Military and aerospace, in a closed, hostile environment, rugged operation and reliable performance are the most important, and have been the main market for thermoelectric energy harvesting. Typically, thermoelectric devices use heat from engines and motors and use its power sensors and wireless sensor networks for condition monitoring applications.
This article will review some of the major avionics and aerospace applications that use thermoelectric equipment. For example, commercial and military aircraft powering sensors and sensor networks with thermoelectric generators to monitor aircraft damage can cause stress and structural weaknesses. In the aerospace field, the Mars rover, Curiosity, Galileo satellite, space probe and new horizons, the Cassini spacecraft are all TEG users.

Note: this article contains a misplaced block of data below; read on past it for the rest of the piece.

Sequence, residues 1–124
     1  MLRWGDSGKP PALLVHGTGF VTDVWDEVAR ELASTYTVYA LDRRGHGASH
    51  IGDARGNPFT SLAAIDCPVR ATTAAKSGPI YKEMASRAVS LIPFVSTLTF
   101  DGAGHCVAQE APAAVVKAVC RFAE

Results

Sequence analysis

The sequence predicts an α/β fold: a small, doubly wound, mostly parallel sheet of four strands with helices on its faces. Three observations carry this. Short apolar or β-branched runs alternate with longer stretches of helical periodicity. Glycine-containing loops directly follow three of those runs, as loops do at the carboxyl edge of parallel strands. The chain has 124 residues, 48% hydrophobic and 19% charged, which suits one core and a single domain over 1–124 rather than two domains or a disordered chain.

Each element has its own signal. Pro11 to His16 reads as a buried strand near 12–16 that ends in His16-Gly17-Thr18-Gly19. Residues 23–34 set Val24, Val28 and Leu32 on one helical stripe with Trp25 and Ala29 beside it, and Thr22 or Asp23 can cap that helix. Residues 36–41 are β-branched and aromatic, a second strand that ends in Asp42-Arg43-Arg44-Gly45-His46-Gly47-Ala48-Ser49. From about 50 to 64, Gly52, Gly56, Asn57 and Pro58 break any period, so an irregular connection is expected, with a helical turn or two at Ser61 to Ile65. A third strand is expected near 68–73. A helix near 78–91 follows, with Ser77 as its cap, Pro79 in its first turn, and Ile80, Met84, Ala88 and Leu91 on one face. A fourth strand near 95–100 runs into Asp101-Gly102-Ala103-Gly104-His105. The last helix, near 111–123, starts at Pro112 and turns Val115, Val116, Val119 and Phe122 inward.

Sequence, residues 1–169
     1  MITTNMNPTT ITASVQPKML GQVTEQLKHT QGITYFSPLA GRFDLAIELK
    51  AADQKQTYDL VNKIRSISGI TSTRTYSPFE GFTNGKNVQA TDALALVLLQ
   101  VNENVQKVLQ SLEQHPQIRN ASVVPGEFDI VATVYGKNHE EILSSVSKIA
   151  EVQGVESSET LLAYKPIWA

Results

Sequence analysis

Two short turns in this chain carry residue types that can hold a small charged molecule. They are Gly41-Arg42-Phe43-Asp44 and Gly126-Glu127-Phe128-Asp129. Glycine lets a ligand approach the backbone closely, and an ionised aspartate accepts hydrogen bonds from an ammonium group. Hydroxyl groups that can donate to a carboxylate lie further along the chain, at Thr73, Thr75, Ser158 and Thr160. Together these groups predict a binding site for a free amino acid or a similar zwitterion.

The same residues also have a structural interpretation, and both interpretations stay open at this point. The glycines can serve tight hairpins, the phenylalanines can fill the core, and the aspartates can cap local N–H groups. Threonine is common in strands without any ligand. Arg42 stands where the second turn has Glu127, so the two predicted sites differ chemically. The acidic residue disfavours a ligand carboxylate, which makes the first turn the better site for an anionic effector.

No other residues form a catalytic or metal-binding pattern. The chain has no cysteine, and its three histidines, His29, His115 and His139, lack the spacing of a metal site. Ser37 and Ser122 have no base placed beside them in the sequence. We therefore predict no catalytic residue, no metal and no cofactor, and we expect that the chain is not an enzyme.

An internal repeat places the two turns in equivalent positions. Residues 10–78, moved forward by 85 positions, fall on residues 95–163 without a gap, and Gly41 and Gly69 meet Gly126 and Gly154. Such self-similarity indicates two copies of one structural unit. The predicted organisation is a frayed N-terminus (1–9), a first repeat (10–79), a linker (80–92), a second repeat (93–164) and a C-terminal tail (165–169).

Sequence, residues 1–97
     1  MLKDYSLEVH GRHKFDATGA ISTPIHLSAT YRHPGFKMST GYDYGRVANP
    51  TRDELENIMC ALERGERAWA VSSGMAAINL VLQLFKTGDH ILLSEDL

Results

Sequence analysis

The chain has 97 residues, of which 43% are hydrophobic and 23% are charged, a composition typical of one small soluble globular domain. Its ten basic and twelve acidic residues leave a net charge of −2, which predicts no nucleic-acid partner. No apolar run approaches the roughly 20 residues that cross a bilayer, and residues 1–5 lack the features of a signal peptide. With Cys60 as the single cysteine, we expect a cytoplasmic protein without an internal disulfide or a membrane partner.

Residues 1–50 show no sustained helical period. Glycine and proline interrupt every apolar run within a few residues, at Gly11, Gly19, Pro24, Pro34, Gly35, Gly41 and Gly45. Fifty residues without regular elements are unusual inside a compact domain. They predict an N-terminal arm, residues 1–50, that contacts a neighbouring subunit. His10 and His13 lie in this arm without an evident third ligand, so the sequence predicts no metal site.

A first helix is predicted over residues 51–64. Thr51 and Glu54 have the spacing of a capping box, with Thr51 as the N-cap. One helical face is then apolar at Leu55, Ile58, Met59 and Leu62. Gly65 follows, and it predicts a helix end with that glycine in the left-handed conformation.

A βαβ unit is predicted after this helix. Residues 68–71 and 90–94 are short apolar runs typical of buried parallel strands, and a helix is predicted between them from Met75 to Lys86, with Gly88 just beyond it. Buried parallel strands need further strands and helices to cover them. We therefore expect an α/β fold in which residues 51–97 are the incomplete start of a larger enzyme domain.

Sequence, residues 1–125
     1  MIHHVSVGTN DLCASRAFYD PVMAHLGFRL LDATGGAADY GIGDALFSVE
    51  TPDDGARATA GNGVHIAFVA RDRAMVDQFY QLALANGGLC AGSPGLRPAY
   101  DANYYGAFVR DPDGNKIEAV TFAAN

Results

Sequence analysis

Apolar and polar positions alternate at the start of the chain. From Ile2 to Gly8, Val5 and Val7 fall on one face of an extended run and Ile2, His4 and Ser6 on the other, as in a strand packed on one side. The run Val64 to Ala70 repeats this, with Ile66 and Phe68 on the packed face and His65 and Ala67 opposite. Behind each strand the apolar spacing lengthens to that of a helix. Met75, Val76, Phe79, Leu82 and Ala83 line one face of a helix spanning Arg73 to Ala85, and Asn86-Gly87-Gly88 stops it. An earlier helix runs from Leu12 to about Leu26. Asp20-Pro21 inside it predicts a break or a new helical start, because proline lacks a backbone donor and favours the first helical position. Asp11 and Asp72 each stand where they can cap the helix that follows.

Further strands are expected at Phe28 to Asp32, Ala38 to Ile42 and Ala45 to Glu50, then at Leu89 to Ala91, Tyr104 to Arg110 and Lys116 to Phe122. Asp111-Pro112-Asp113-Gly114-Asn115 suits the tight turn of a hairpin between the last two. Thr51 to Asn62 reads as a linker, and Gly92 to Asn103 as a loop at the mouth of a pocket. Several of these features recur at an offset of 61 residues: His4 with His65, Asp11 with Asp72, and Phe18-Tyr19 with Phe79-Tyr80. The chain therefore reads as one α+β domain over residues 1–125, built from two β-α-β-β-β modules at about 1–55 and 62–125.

Typical equipment will be considered to include TEG range from Chief Choi, and ETEC modules from Laird. Further consideration will be generated from the TEG energy management reference from the linear technology LTC3108 DC / DC converter.
The principle phenomenon that supports thermoelectric generators (TEGs) is the use of electrical energy generated by the heat flow between two materials with a temperature difference. This is the so-called Seebeck effect. Larger differences can produce more energy.
Utilizing the power generated by thermoelectric components The use of thermoelectric modules becomes a more attractive area of application, but especially in the military and aerospace sectors. These rugged devices enable the sensors and their associated communication circuits to be reliably powered and, in the long run, independent of batteries.